THE UNIVERSE SYMPHONY|
by Charles E. Ives
When we were in Keene Valley, on the plateau, staying in the fall of 1915 with Sue and Grossie and with Edie (and Edie's second mother) -- I started something that I'd had in mind for some time (and of which some sketches were made a few years before) trying out a parallel way of listening to music, suggested by looking at a view (1) with the eyes toward the sky or tops of the trees, taking in the earth or foreground subjectively that is, not focussing the eye on it. (2) then looking at the earth and land, and seeing the sky and the top of the foreground subjectively. In other words, giving a musical piece in two parts, but played at the same time -- the lower parts (the basses, cellos, tubas, trombones, bassoons, etc.) working out something representing the earth, and listening to that primarily -- and then the upper parts (strings, upper woodwind, piano, bells, etc.) reflecting the skies and the Heavens -- and that this piece be played twice, first when the listener focusses his ears on the lower or earth music, and the next time on the upper or Heaven music.
This was suggested by a few pages of a sketch or general plan for a Universe Symphony or "Universe, Past, Present, and Future" in tones.
I. [Section A] (Past) Formation of the waters and mountains.
I had this fairly well sketched out, but not completed -- in fact I haven't worked on this since that time, but hope to finish it out completely this summer. The earth part is represented by lines starting at different points and at different intervals -- a kind of uneven and overlapping counterpoint sometimes reaching nine or ten different lines -- representing the ledges, rocks, woods, and land formations lines of trees and forest, meadows, roads, rivers, etc. -- and undulating lines of mountains in the distance that you catch in a wide landscape.
And with this counterpoint, a few of the same kind of instruments as above playing the melodic lines are put into a group playing masses of chords built around various sets of intervals, in each line. This is to represent the body of the earth, from whence the rocks, trees and mountains rise. (From 5 to 14 groups of instruments or separate orchestras, each to know its own part before coming together in conclave, the various lines of counterpoint having one primary and two secondary voices. Each "continent" has its own wide chord of intervals. Some perfectly tuned correct scales, some well tempered little scales, a scale of overtones with the divisions as near as determinable by acousticon, scales of smaller division than a semitone, scales of uneven division greater than a whole tone, scales with no octave, some of them with no octave for several octaves, -- but all with their root in a fixed tone, 32 foot, began from pedal A, 5th octave below. The pulse of the universe's life beat was by the percussion orchestra, who play their movement first, all through, before any of the other orchestras play.)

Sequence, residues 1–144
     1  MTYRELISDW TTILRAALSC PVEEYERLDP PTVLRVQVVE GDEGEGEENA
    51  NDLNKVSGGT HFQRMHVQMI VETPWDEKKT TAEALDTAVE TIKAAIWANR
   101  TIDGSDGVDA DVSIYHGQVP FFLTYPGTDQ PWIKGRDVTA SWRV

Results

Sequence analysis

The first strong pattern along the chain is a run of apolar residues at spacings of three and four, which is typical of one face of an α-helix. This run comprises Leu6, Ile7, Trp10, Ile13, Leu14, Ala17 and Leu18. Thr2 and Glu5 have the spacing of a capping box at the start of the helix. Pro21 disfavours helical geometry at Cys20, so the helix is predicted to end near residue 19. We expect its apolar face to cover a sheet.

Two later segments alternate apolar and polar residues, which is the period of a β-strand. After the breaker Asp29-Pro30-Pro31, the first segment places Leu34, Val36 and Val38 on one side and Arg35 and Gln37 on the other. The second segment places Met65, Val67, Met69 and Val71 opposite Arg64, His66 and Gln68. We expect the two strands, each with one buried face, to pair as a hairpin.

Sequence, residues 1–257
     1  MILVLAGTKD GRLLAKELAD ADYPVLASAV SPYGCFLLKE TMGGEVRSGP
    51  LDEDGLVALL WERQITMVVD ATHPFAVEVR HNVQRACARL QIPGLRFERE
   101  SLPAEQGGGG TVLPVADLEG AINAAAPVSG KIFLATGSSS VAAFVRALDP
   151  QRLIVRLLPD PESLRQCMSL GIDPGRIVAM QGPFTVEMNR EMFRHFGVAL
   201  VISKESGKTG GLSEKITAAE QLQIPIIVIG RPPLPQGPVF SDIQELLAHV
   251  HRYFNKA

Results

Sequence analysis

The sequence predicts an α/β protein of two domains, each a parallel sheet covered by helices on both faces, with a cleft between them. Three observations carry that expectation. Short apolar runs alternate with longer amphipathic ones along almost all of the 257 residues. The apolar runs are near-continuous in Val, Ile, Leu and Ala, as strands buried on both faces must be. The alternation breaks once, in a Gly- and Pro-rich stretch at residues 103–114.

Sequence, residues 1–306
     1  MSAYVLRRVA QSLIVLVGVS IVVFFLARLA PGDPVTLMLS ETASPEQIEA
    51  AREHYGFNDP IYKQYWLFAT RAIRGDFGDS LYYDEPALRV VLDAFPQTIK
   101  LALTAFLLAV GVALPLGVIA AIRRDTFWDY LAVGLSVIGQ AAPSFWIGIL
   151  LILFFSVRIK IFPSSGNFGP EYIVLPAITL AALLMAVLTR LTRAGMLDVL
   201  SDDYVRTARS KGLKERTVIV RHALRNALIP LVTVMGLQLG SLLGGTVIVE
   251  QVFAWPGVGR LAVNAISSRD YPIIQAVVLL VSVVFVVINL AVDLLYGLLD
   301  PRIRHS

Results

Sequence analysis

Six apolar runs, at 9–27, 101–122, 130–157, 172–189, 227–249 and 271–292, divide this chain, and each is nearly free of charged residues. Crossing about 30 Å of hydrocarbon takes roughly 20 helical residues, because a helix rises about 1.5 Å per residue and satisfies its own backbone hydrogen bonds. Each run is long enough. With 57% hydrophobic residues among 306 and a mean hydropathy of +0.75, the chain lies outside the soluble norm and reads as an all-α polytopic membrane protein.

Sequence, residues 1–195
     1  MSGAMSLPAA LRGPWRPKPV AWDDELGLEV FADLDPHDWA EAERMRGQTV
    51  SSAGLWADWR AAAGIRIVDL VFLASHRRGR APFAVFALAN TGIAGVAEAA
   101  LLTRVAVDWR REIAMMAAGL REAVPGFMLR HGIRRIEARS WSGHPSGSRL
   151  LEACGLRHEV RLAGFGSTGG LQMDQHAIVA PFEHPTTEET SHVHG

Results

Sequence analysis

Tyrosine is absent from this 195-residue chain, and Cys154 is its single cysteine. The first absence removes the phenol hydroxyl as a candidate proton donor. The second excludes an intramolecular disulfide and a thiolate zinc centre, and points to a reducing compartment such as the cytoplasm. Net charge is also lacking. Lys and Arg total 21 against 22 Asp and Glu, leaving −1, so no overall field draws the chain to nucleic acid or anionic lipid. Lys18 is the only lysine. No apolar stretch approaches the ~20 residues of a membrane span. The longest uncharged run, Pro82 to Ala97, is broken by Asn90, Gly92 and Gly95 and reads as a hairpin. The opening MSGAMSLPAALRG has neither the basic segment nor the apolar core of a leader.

Between the lower and the upper, there is a vacant space of four whole tones between B natural and E natural. (think this was not kept, except in a general way.) The part of the orchestra representing the Heavens has its own chord system, but its counterpoint is choral. There are 4 to 5 groups in some places divided each into four or five. On the lower corner of the 2nd page of the sketch, this chordal counterpoint is broken by longs chords, but stays this way for only a short time. These two main groups come into relation harmonically only in cycles that is, they go around their own orbit, and come to meet each other only where their circles eclipse. (Written on the sketch and first page of score was -- "The wide valleys and the clouds are of one accord, and the horizon of distant hills (their roots from the earth are as the clouds (their roots in the Heavens) the soaring lines of mountains, cliffs, and pinnacles sent from the moving veins of rocks.")
The sketch of this is not complete, and I may extend it into a larger piece than I had originally intended (or put it into the Universe Symphony, to which it is related). But the themes and general plan are quite clearly indicated in the sketch. I want to work this out completely this summer. I think it advisable staying on this job another year if possible.
I am just referring to the above because, in case I don't get to finishing this, somebody might like to try to work out the idea, and the sketch that I've already done would make more sense to anybody looking at it with this explanation.
Charles E. Ives, Memos ,